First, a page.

Sen. Hawley Targets Tech Exports to China

Sen. Josh Hawley (R-Mo.) has introduced the China Technology Transfer Control Act of 2019. It is the latest tech initiative by a freshman senator who has made Big Tech his signature issue.

The bill, which comes as the President is levying new tariffs on China, is meant to "stop the Chinese military’s acquisition of sensitive American technology," said Hawley's office in announcing the bill, as well as to "formally admonish China for its predatory trade practices."

Related: Sen. Hawley Blasts Social Media As Unproductive Peril

The bill:

Admonishes China for IP theft and "manipulation of lawful transfer and uses of technology in ways that directly support its military objectives and threaten the United States."

Places all “core technologies” on the Department of Commerce’s export control List, meaning companies have to get licenses to export them to China. Those technologies include artificial intelligence, robotics, semiconductors, advanced construction equipment and lithium battery manufacturing.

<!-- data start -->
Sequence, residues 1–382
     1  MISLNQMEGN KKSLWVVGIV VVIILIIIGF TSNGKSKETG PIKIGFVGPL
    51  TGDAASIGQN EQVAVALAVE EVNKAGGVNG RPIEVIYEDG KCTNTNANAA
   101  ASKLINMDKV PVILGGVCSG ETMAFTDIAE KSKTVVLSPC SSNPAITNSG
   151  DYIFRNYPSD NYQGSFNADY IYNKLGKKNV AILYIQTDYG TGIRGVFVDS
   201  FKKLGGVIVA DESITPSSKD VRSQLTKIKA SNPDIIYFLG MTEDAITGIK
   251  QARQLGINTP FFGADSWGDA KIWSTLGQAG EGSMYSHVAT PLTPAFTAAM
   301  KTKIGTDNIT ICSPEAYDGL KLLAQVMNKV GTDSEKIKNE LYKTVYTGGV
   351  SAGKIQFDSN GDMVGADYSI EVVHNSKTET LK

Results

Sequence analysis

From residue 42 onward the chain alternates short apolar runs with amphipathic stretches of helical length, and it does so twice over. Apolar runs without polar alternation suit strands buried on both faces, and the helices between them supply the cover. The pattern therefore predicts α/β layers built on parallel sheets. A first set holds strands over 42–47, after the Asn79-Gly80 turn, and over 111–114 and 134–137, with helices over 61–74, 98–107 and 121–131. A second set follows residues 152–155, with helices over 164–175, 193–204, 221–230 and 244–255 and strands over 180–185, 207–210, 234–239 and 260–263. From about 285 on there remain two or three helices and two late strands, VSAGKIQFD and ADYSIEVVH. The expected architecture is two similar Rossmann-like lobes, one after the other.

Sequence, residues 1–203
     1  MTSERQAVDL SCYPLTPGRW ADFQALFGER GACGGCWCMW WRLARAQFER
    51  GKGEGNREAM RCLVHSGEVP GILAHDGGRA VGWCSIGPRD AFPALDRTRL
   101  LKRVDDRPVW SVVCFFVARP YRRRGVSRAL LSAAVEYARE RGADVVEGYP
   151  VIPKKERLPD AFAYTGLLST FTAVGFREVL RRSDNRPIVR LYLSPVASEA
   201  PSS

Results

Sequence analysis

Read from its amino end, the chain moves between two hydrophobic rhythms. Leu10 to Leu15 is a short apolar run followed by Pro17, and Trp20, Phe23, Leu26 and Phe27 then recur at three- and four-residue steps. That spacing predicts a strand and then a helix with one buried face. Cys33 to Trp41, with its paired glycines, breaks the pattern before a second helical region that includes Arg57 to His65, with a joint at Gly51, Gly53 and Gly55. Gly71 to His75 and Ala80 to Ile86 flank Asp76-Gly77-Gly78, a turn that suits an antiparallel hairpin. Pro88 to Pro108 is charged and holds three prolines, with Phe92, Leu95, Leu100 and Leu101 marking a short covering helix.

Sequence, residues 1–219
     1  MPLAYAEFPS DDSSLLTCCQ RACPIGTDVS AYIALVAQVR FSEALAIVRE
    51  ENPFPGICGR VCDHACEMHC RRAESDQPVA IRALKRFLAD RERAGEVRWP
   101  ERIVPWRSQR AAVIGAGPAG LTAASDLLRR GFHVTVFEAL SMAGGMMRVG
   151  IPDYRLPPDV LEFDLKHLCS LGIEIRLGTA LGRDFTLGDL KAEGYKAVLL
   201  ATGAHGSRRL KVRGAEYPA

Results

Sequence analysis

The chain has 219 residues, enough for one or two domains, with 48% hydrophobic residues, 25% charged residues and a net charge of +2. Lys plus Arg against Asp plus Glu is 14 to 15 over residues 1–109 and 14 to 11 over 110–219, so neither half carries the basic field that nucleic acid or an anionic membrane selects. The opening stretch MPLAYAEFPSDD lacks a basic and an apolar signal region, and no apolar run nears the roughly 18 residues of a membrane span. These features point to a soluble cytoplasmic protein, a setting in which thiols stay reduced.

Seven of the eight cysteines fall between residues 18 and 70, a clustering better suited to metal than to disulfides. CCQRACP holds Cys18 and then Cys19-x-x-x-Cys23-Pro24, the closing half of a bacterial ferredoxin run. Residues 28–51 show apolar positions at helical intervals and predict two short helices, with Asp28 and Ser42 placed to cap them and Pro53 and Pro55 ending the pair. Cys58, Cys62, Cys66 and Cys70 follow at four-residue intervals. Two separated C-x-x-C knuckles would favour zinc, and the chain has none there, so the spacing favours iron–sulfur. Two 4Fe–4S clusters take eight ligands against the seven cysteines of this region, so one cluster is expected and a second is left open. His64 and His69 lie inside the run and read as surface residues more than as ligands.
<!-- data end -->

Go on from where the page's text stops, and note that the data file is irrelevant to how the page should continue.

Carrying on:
Imposes sanctions on foreign entities that transfer those “core technologies” to China.

“It’s time to acknowledge that China acts more like an adversary than a friend,” said Hawley. “For too long, China has exploited American innovation to undermine our values and threaten our security. This legislation is an important step toward keeping American technology out of the hands of the Chinese government and its military.”

Hawley cites as an example of companies helping out China Google's effort to access the Chinese market by working on a censored search engine with a Chinese company.

John Eggerton

Contributing editor John Eggerton has been an editor and/or writer on media regulation, legislation and policy for over four decades, including covering the FCC, FTC, Congress, the major media trade associations, and the federal courts. In addition to Multichannel News and Broadcasting + Cable, his work has appeared in Radio World, TV Technology, TV Fax, This Week in Consumer Electronics, Variety and the Encyclopedia Britannica.